And yet, no one inside Lambeau Field seemed to mind. The 78,488 fans in attendance were just happy Brett Favre was actually there.

For a long time, many wondered how long they would have to wait to see Favre’s No. 4 retired. It had to happen eventually, but the divorce between Favre and the Packers was so messy that over seven years passed before the quarterback was finally honored at Lambeau Field.

Nov. 26, 2015. A primetime game on Thanksgiving. Against the Chicago Bears.

As a Chicagoan growing up in the 90s, Favre wasn’t exactly a fan favorite. But like many outside Wisconsin, I came to respect the gunslinger who went 22-10 against the Bears in his career. Honestly, it felt more like 30-2. As time passed and I gained the perspective of covering the NFL for a decade, I now look at Favre as the most exciting quarterback I ever saw. Considering the quarterbacks I witnessed in Chicago over the course of Favre’s career, that conclusion shouldn’t be too surprising.

But it’s a big reason why I was genuinely excited to cover Favre’s number retirement ceremony in 2015. Typically, I’m not too thrilled to leave my family on Thanksgiving, but since our Thanksgiving dinners take place in the Northwoods of Wisconsin, I was able to sit down for an early meal before driving over to Green Bay.

As cruel as it seemed, the NFL did a good job scheduling the game against the Bears. It’s still a crime that Favre wore a Vikings jersey before his number was retired in Green Bay, and those wounds were still too deep to have the ceremony occur against Minnesota. It had to be a Bears-Packers game.

Few will remember that John Fox got his only win over the Packers that night or that Marquess Wilson caught a touchdown in the 17-13 Bears victory. From Chicago’s perspective, they got a little revenge and sent Favre out with a loss, even though he didn’t play in the game.

"I grew up a Brett Favre fan, so that night, I was definitely aware of the fact that Brett Favre was being recognized and I thought it was really cool that we spoiled that," former Bear Kyle Long, who played right tackle in that game, told NBC Sports Chicago this week.

In Wisconsin, the Bears' win is just a footnote. Despite the ugly weather and being subjected to “Simply The Best” for 15 straight minutes, the halftime ceremony was perfect. Bart Starr stole the show, making it onto the field at 81 years old despite suffering two strokes and a heart attack the year before. He clearly shouldn’t have been there, but refused to miss it -- a true testament to Favre.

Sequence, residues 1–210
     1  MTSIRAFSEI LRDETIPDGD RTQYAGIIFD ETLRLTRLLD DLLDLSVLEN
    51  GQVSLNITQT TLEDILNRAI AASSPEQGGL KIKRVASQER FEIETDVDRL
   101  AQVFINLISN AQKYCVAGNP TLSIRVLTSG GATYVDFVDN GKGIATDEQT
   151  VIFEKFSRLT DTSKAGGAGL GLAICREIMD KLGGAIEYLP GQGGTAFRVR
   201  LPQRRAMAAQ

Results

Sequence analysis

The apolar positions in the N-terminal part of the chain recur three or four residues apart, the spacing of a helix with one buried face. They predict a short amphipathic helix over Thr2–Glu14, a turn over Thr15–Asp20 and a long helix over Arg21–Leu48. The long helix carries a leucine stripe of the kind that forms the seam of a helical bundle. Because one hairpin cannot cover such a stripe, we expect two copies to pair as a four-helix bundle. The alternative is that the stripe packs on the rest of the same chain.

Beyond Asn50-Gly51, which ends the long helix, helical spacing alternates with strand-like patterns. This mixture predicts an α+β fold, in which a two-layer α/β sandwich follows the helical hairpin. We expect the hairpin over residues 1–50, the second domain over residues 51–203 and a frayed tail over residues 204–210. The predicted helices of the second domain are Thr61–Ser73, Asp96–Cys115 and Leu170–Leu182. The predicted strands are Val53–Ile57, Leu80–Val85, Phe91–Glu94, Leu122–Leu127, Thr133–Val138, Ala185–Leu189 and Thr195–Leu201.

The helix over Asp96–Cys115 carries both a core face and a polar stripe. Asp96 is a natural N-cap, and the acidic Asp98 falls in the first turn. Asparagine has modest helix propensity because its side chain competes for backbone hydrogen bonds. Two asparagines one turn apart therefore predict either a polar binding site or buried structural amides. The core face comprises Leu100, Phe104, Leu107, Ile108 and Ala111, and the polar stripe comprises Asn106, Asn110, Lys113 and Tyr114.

Few remember that Jim McMahon won a Super Bowl in Green Bay. In fact, I don’t even think Packer fans remember that. So it was a little weird seeing the former Bears quarterback on the field in a Packer jersey, but there he was.

The most significant moment came right as the halftime ceremony was ending. The players were running back onto the field and Aaron Rodgers went out of his way to find Favre. The two exchanged a genuine handshake and hug, signaling an end to the frozen war of Wisconsin.

In 2013, Rodgers and Favre surprised everyone when they took the stage together at the NFL Honors. It was a scripted, intentionally awkward appearance, and provided some hope that Favre and the Packers could reconcile and settle their differences. But Favre and Rodgers were anything but friends at the time, so the embrace at Lambeau Field in 2015 was meaningful. Today, that relationship is much different. By the time Starr passed away in 2019, Rodgers was posting messages like this one on Instagram.

In Wisconsin, Nov. 26, 2015 will be a night that healed wounds and brought together the Packers’ three greatest quarterbacks ever.

In Chicago, it was the time a bunch of random Bears like Chris Prosinski and Jeremy Langford spoiled Favre’s big ceremony.

For this sportswriter, it was a night that fused my childhood with my professional career. It was a night I’ll always remember.